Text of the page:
Not just any old bread, but GRAIN FREE bread.
I'm baking with COCONUT FLOUR.
I discovered an awesome recipe for Grain and Nut Free Sandwich Bread over at Colorful Eats, a wonderful blog by Caroline Potter, NTP. (Nutritional Therapy Practitioner)
I found her while searching for grain free bread recipes. After experimenting with a few others, I found Caroline's recipe to be the best of the lot. Please visit Colorful Eats and check out Caroline's offerings.
As I mentioned in my last post, I made Caroline's Grain Free Bread following her recipe to the tee - and it was fabulous. Light, fluffy, tasty and very much a "bread".
There was a rather lengthly process to making this bread which I then experimented with the next time I attempted it.
To my surprise I discovered one could easily make this bread without a lot of separating, whipping, and worrying over the whole blend-it-all-together-correctly business.
Without further ado, here is my version of Caroline's amazing Grain Free Bread.
Oven: 350 F
Time: 50 minutes (give or take 2)
Makes one loaf (about 8.5 x 4.5 size) Line the bottom with parchment paper. Don't line the wide sides, butter them. Let the parchment go up on the narrow ends. So the bread only actually touches the side parts. This makes it easy to remove.
6 eggs (Large or Med, doesn't seem to matter. The last loaf I used 3 of each)
1/2 cup whole fat, plain yogurt (the fatter, the better)
5 tbsp Butter (melted - do this at the start so it's not hot when using it)
1/2 cup coconut flour (Not necessary to sift it)
1/4 cup psyllium husk powder (Easily found in Health Food stores)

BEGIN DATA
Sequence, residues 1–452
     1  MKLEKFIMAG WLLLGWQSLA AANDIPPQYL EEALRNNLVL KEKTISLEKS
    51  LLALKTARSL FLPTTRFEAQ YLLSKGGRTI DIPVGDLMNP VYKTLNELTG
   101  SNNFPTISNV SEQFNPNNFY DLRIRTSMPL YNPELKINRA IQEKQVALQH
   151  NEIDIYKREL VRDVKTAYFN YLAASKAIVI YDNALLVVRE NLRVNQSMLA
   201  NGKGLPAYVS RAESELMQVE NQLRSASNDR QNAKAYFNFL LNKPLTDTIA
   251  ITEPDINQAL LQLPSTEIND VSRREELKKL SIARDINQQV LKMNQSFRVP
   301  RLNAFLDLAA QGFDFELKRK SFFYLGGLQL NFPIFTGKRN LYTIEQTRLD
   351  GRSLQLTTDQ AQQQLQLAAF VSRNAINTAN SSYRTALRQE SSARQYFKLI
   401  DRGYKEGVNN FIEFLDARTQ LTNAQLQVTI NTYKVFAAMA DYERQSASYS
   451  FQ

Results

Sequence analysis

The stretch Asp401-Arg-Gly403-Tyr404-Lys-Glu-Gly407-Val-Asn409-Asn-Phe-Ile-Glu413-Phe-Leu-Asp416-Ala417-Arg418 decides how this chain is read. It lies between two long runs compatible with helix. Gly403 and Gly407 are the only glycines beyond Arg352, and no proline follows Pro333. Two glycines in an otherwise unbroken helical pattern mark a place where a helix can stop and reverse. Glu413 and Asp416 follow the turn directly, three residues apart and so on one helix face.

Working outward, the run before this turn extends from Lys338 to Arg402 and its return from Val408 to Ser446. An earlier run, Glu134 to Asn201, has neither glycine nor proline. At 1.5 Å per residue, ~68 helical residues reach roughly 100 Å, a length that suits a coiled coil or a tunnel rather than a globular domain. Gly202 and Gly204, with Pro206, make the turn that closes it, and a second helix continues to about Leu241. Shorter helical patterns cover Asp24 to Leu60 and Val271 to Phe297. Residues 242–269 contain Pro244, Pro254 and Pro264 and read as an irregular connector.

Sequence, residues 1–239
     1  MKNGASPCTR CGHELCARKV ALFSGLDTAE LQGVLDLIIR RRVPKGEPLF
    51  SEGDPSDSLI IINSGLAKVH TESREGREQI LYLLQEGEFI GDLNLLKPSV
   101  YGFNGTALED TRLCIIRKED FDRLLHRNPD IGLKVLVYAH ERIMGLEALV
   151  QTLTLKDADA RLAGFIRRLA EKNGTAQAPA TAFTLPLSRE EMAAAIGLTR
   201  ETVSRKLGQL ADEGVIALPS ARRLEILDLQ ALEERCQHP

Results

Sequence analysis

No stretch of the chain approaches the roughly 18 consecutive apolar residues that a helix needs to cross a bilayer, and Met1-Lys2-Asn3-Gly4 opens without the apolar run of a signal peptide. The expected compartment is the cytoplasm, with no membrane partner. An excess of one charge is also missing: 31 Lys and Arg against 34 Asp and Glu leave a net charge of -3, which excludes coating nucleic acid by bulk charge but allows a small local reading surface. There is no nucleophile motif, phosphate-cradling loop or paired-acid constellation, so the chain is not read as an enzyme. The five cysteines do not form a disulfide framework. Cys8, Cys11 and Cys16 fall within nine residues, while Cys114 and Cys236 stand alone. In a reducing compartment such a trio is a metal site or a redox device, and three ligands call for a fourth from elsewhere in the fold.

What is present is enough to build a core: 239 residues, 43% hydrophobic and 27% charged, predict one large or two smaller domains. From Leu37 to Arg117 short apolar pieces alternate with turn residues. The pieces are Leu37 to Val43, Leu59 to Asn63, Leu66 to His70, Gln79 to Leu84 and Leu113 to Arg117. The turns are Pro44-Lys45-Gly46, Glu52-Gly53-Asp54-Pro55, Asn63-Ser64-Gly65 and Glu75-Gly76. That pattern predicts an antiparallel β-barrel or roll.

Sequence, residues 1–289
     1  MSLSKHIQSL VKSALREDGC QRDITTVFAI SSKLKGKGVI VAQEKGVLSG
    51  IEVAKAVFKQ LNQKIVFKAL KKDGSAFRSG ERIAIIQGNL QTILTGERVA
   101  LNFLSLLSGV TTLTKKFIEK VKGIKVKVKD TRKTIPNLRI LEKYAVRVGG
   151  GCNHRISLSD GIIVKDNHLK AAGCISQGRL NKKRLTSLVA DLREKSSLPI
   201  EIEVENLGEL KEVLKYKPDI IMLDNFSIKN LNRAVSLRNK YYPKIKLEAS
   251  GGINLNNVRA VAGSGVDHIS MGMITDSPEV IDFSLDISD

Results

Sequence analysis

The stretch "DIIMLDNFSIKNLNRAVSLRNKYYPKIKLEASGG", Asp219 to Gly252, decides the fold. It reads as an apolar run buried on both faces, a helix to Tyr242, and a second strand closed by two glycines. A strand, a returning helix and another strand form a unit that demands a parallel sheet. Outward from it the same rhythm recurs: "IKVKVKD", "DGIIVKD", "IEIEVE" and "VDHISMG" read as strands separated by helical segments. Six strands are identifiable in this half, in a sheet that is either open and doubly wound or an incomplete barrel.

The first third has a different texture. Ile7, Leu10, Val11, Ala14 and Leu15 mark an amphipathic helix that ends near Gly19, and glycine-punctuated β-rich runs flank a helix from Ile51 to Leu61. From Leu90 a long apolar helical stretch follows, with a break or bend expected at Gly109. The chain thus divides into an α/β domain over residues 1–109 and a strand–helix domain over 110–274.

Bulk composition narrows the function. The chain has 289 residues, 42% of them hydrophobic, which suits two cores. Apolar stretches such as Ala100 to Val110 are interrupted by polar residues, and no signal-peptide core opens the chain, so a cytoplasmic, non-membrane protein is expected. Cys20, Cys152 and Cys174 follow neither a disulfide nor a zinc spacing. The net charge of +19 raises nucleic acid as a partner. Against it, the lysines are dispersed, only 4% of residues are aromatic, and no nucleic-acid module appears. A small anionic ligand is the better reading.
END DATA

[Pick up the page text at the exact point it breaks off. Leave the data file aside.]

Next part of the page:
**Measure these two ingredients, and put them together in a small bowl.
1 1/2 tsp baking soda
1/4 tsp salt
**Measure these two ingredients into something small.
1 tbsp lemon juice
Okay… note I've sectioned these ingredients into 4 sections.
I like to prep all my ingredients first - like painting a room. It's the prep that takes a moment.
1. Beat the eggs till blended and airy. I used a hand mixer, about 30-40 sec on Low to break the yokes and then on High for a good minute and a half. This will look fluffy, airy, foamy - definitely well blended.
2. Add the yogurt to the eggs - beat again.
3. Add the melted butter to the egg mixture and beat again.
4. Add the coconut flour and psyllium husk powder. Again with the beating. You will see the consistency starting to thicken. Take a moment to clean the sides of your bowl.
5. Add baking soda and salt - more beating, on med, then on high. Just to blend.
6. Now… add the lemon juice and give this whole mixture some love. Beat, gently on a lower speed, then work up to High. You will see the reaction of adding the lemon juice last - it fluffs up quite a bit.
7. Pour into your loaf pan. Try not to press down on the ingredients too much. Be gentle.
There you have it. A grain free loaf of bread just waiting to be enjoyed.
|See how the parchment paper goes up at the end of the loaf.|
|Fresh out of the oven - a few slices to tempt you.|
|I use my Breville Toaster Oven to bake my bread.|
Works like a charm.
I was wondering what makes a bread rise when not using gluten, which is found in wheat. I found the answer on the website of Dr. William Davis. He wrote this great article titled, Secrets of making wheat-free bread rise, so if you're curious he will explain the chemical reaction needed to make bread rise.
With my adjustments to the recipe I found on Caroline's excellent site, which truly I'm grateful to have found, you will see I have added the lemon juice last. By doing so it seems to trigger the action of the baking soda, which in turn adds volume.
Today, I made this loaf again… following the instructions above. The bread was amazing. It had a fluffy texture, yet it seems dense at the same time. But, most importantly, it's quick - and for me, that's gold.
When I used apple cider vinegar, instead of the lemon juice, the baking soda taste was noticeable. Not with the lemon juice. I have also added 1 more tsp of lemon juice to my version.
Regarding the butter. Caroline's original recipe calls for 4 tbsp. I have chosen to add 1 more tbsp to my recipe. Not sure why, but it seems to give it a better flavour. You can play with this and see what works for you.
FINALLY, the beauty about recipes is they are meant to be tweaked and adjusted to meet our own personal tastes. I have done so and have really been happy with the outcome.
I hope you have a chance to make this for yourself - if you do, please share your results.
Do you tweak recipes?